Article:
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My problem is I have a php script that produces an RSS feed. It loads the description from an SQL database. The SQL database table is also used to show new posts on my websites homepage. When a user submits a post it can contain a <li> tag. Apparently these are not supported in the RSS 2.0 specification. But I can't seem to find a list that shows the tags that are supported.

Here is the feed validation link-

http://validator.w3.org/feed/check.cgi?url=http://cryptum.net/post_feed.php

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well an li, not inside a ul\ol is not valid html –  Dagon Jan 23 '11 at 22:51
    
Thanks dagon that didn't cross my mind –  liamzebedee Jan 23 '11 at 22:54

2 Answers 2

up vote 3 down vote accepted

In XML, characters such as < and & are illegal in elements, so you must escape any elements that will include them. Therefore, you should escape the <description> as character data, telling the XML parser to ignore anything in between the <![CDATA[ and the ]]>.

<description><![CDATA[<p>Your text.</p>]]></description>
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No, no no no no no no, you should encode the illegal entities using something like htmlentities(). CDATA is a poor hacky way round. See en.wikipedia.org/wiki/XML#Escaping –  James Butler Jan 23 '11 at 22:59
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@James Butler You are incorrect. Using htmlentities with turn something like < into &lt; which includes a &. You cannot use &s within elements as they are illegal characters. He should escape the data as character data in XML. –  Michael Irigoyen Jan 23 '11 at 23:04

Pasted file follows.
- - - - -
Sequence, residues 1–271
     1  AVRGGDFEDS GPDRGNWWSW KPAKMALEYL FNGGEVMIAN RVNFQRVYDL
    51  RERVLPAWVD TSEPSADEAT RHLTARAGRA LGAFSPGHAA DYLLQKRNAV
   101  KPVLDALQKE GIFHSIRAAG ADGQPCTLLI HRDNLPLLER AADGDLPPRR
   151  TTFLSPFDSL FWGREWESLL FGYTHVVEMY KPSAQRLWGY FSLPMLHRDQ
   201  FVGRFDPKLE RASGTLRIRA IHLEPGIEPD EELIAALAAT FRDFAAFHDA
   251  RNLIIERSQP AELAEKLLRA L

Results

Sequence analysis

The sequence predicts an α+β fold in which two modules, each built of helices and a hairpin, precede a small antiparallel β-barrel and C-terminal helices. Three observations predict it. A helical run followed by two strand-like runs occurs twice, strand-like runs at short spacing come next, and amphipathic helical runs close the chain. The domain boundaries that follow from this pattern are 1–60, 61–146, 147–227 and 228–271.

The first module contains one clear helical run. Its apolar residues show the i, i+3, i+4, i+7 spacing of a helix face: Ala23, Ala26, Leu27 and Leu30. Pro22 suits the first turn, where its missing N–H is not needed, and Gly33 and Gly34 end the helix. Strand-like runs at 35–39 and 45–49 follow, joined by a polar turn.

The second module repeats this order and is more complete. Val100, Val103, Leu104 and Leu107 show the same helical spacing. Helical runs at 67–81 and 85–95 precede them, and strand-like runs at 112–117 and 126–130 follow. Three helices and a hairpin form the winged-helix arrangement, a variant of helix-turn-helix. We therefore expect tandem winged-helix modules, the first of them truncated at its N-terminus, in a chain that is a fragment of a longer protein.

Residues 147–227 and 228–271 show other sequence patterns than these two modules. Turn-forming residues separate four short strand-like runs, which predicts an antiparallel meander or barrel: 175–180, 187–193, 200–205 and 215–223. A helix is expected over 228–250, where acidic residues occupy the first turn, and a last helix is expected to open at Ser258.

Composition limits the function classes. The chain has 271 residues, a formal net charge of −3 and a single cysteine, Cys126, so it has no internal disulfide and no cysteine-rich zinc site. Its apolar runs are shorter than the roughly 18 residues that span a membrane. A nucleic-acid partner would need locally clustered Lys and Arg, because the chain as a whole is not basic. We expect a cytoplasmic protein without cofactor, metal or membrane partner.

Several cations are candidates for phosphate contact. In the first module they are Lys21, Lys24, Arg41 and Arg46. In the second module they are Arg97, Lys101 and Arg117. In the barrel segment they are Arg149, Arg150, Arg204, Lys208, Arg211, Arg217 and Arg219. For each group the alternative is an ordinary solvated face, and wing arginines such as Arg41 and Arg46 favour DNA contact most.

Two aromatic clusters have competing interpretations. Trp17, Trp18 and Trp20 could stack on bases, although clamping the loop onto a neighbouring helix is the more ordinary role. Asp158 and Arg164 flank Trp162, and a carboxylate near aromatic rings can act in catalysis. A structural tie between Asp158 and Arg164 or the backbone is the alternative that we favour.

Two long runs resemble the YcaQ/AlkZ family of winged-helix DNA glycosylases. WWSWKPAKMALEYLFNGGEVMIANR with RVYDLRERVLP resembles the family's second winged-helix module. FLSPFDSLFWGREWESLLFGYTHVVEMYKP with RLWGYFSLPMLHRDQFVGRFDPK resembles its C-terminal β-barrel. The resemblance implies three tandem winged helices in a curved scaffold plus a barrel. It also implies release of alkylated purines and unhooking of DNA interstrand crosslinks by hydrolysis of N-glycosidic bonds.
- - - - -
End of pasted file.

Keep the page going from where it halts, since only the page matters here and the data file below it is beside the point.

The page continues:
This is exactly what CDATA is designed for, so it is absolutely not, in any way, hacky. It does have the drawback that the data can't include ]]>, so using entities is a simpler option if you are pragmatically generating content. –  Quentin Jan 23 '11 at 23:06
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@Michael — Err. <foo> &lt; </foo> and <foo> <![CDATA[<]]> </foo> are identical. Neither is forbidden. –  Quentin Jan 23 '11 at 23:08
    
Maybe hacky was a Slightly wrong word, but it feels a little wrong as you just turning the HTML into a lump of character data, which is it isn't. TBH this is very academic, both will work just as well for your needs. –  James Butler Jan 23 '11 at 23:12

Using CDATA should be perfectly ok.

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